How to Prevent Construction Jobsite Accidents
"Of course you didn't mean for it to happen! That's why it's called an accident!" True enough, but then again, you keep hearing about this thing called a "preventable accident". Which version is true?
The construction industry no longer leads the nation in workplace (look out, loggers!) serious injuries. Procedures implemented within the industry over the last couple of decades such as better equipment and training have certainly helped.
But while statistics show that serious construction accidents are down as a whole across the industry, accident rates remain high among industry specialties. Recent data in fact shows that these numbers are on the rise. Trips and falls and being struck by falling objects remain construction accident "favorites", as do accidents involving site vehicles and equipment. No one certainly intends for an accident to happen, especially one resulting in injury. But when they happen repeatedly in the course of repetitive work, they would appear to be accidents that everyone should be able to see coming. So how can they be prevented?
Safety Training And MeetingsSome clients such as the Federal government will not hire contractors unless they guarantee daily staff safety meetings. And as much as employees grumble about repetitive training, research has shown that this repetition helps them to fully understand and master it. Meetings also give supervisors and administrators an opportunity to get feedback from site workers on current and potential problems. Regular safety meetings also boost employee morale and help workers to feel more invested in projects. Supervisors and administrators implementing such programs however, should take care that related training and protocols apply equally to all staff and visitors on site.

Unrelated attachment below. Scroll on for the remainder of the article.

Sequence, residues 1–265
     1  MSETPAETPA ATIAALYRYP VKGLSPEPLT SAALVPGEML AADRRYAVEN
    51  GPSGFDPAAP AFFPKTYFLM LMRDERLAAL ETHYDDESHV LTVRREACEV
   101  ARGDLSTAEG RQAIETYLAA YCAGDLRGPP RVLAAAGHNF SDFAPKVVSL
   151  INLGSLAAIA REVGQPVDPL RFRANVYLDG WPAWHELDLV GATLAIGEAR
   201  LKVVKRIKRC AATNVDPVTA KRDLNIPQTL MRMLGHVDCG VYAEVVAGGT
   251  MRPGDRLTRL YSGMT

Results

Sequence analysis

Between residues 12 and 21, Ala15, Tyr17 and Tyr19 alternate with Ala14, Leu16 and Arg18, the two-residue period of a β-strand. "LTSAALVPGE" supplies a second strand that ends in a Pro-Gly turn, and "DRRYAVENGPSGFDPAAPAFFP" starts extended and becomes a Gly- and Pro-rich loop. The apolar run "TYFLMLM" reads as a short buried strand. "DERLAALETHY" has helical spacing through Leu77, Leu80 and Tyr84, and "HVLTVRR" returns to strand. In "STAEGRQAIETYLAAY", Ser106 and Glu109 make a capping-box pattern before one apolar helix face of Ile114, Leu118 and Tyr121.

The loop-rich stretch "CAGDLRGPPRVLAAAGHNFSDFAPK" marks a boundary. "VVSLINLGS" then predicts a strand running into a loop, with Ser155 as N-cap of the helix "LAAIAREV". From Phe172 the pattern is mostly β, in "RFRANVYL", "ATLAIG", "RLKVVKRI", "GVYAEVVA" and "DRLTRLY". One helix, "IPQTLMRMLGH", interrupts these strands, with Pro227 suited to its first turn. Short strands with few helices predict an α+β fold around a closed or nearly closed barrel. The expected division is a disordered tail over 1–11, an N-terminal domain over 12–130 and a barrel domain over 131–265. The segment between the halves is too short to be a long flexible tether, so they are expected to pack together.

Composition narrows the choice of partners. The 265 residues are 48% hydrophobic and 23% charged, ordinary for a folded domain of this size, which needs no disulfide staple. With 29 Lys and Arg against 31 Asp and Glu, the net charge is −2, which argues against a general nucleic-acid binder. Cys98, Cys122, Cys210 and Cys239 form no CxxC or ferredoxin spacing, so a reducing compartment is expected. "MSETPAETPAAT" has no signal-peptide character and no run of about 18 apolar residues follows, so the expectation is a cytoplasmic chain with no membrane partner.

Equipment Training And Proper UseAs a recent terrifying work-site crane/structure mishap in Rhode Island demonstrated, just because you can operate heavy equipment doesn't mean that you necessarily should. Likewise, employees should be thoroughly trained in the wearing and use of harnesses, gloves, footwear, eye and ear protection, and high visibility garments before entering a work site.
CommunicationsIn addition to making sure that employees are proficient in hand signals and two way radio communications, administrators should take advantage of opportunities offered over mobile devices by companies like Raken. Its software for daily reporting produces files that not only meet mandatory reporting requirements, but that can be easily displayed and viewed by all employees. This means that emergency warnings can quickly be both seen and updated. Incident reports can be both transmitted with SMS and e-mail. And Raken also offers a daily safety survey that can be customized for work places to help keep workers and managers on the same safe work page.